So on dry days, I gather plenty of seed from our plants. I'll sow some into modules now & save the rest to sow in Spring. Lots of the easy ones such as Nigella, Calendula, Cerinthe, Viola & Ammi are worth trying. F1 Hybrid seed doesn't come 'true' but can still produce good flowers. I've been keeping Antirrhinum seeds for several years & while not the same pink as I started with, produce pretty stems at a very reasonable price!
As the fresh flower season begins to slow, Autumn bounty beckons. I've been steadily cutting & drying spare flowers so there's a wide variety to mix together for Autumn wreaths, bouquets etc.
On a beautiful day like this it seems unimaginable that meteorological Summer has gone. The earliest frost I've experienced here was on September 13th. So after this busy wedding week, I'll be clearing the greenhouses ready to bring in tender plants. The horticultural fleece is on standby to protect my Dahlias. I find that if I can protect Dahlias through the first cold shock, usually warm weather returns & I can cut flowers for several more weeks. Here's hoping this year follows the pattern.
Until next time,
And the last word this month?
'All the flowers of all the tomorrows are in the seeds of today;
And the Colour keeps on coming...
These are some of the buckets full of flowers cut on Thursday, outside the workshop.
A long drink of water overnight & then off on Friday to local celebrations & also some into today's 'Friday Flowers'.
Locally Grown, Seasonal Flowers grown here at the Flower Farm in Dumfries & Galloway, Scotland
'Which is your favourite Dahlia variety?' I was asked last month. That's a tough question for a Dahlia geek like myself.
I've been growing Dahlia's for at least 20 years, & this year the collection is over 400 strong. Less than some years as many were lost in last winter's cold spell.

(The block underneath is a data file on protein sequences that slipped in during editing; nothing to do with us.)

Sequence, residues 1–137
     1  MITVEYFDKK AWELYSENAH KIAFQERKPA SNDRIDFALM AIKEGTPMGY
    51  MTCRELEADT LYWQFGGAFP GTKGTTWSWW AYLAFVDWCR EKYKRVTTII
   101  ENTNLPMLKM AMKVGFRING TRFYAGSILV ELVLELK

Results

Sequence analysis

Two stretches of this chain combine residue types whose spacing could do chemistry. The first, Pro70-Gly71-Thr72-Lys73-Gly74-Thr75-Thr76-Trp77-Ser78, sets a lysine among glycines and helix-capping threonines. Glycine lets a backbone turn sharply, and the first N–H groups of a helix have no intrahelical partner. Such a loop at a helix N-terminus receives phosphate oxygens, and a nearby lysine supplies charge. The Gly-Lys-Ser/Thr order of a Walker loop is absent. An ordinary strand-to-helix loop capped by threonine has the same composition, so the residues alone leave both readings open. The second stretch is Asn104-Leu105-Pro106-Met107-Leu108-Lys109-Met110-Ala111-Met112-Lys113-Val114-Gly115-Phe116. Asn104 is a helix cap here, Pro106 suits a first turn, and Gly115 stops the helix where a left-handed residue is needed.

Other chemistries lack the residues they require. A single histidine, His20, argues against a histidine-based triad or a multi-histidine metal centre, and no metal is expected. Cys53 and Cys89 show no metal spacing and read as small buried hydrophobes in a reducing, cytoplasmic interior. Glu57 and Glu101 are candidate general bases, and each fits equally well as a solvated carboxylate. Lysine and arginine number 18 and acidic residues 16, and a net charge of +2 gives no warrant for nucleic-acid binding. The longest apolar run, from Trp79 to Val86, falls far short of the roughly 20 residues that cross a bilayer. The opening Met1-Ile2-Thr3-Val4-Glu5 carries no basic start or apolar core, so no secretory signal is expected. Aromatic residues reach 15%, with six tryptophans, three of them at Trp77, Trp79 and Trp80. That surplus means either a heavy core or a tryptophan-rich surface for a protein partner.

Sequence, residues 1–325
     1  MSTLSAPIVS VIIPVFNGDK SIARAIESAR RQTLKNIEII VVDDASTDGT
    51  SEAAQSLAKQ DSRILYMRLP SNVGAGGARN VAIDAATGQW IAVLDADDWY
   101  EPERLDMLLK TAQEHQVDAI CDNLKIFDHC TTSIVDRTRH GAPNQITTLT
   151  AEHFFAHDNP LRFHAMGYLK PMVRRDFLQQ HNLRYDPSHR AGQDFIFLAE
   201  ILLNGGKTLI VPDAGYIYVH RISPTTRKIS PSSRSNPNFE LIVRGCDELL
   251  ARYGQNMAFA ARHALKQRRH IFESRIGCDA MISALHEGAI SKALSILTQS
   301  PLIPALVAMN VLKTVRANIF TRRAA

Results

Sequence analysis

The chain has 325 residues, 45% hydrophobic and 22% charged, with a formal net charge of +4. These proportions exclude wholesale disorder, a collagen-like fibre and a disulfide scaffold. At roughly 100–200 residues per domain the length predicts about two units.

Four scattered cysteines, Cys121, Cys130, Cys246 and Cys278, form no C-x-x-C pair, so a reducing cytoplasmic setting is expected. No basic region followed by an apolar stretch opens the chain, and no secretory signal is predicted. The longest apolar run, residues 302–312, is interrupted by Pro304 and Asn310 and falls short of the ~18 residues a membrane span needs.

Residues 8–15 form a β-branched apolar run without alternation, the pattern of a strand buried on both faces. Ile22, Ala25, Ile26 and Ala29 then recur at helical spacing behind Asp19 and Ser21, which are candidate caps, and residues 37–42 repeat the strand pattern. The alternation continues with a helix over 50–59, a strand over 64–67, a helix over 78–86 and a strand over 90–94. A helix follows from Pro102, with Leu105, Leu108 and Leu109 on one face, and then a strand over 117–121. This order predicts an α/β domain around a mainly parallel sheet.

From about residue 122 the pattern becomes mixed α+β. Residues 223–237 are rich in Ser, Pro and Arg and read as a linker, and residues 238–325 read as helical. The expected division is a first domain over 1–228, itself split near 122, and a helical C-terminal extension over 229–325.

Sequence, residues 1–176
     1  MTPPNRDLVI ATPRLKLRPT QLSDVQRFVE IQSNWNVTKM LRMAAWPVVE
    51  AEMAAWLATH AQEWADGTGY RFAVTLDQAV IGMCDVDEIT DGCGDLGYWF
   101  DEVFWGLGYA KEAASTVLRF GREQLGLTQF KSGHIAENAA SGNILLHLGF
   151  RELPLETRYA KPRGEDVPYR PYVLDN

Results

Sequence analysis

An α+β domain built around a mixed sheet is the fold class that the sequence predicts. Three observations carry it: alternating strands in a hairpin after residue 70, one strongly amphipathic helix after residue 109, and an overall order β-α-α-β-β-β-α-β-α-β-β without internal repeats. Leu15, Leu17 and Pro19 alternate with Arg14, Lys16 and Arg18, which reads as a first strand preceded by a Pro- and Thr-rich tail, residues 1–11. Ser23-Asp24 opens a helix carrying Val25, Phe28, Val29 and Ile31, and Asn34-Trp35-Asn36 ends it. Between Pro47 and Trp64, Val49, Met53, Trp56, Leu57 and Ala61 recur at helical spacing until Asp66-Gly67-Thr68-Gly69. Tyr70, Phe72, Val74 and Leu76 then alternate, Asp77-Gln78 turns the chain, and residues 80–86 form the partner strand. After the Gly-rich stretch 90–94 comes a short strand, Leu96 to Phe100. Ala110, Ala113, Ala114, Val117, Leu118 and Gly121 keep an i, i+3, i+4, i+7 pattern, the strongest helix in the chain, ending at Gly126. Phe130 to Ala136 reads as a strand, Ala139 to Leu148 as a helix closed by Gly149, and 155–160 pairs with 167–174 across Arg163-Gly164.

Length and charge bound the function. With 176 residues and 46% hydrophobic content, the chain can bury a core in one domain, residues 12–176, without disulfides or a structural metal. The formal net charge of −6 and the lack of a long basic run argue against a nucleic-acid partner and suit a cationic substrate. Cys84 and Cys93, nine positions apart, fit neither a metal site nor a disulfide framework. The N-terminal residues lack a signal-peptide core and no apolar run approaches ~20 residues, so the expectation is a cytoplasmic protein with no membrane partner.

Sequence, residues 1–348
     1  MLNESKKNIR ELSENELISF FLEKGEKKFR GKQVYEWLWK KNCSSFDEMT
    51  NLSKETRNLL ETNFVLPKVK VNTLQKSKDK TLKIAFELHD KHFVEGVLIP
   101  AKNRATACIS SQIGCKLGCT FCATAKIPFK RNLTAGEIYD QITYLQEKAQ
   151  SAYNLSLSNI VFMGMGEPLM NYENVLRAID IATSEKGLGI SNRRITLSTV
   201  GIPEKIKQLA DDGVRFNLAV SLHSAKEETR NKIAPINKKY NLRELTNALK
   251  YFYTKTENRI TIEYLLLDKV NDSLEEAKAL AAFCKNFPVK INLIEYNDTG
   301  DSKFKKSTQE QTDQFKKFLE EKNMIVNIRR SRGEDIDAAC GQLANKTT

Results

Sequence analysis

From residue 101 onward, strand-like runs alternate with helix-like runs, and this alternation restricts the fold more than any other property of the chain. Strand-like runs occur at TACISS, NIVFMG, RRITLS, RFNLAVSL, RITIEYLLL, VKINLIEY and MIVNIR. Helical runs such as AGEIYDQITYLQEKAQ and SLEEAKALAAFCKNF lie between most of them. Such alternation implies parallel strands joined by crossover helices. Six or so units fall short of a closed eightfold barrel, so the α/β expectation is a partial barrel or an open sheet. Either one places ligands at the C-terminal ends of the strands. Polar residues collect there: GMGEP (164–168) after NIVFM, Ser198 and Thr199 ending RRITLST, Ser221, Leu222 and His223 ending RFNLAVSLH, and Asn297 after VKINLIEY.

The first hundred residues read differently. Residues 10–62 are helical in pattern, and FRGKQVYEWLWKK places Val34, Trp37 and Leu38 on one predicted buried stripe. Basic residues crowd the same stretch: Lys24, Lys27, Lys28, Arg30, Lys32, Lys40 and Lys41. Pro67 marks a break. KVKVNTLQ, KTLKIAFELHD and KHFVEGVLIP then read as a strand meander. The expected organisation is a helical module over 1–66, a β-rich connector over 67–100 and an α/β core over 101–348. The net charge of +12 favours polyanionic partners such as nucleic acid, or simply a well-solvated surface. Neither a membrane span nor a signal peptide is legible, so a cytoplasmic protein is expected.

Every year, some varieties fall by the wayside - perhaps not productive enough, or too short lived in a vase. Perhaps the colour simply wasn't popular with our Customers.
And others are tried for the first time - perhaps recommended by another grower, seen at a plant nursery or on Insta.
Some I grow simply because I love them, even if borderline commercial! (Yes, I'm looking straight at the giant varieties such as Labyrinth, Breakout & Babylon Bronze here. Fabulous for an urn at a wedding/party but hopeless in a 'Friday Flowers' bouquet.)
So while walking among the cutting beds in the past few days, checking how buds are coming along, I've created a shortlist of my essential Dahlias for most colours. These are the ones I grow every year & would miss greatly when making bouquets or in the garden.
Which is a start of an answer, of sorts...
Let me introduce you first to Dahlia 'Genova', a must-have little darling. A pale lavender-pink ballet skirt with white, deepening in colour with age.
If there's a Dahlia in the 'Flower Fairy' books, surely this has to be the one she wears? Definitely on my list every year!
Which is your favourite Dahlia in the lavender-pink class?
Rosie Gray of Galloway Flowers. Cut Flower Grower & Florist near Castle Douglas, in South West Scotland. Using 100% Flowers & Foliage grown in British Isles, all year round.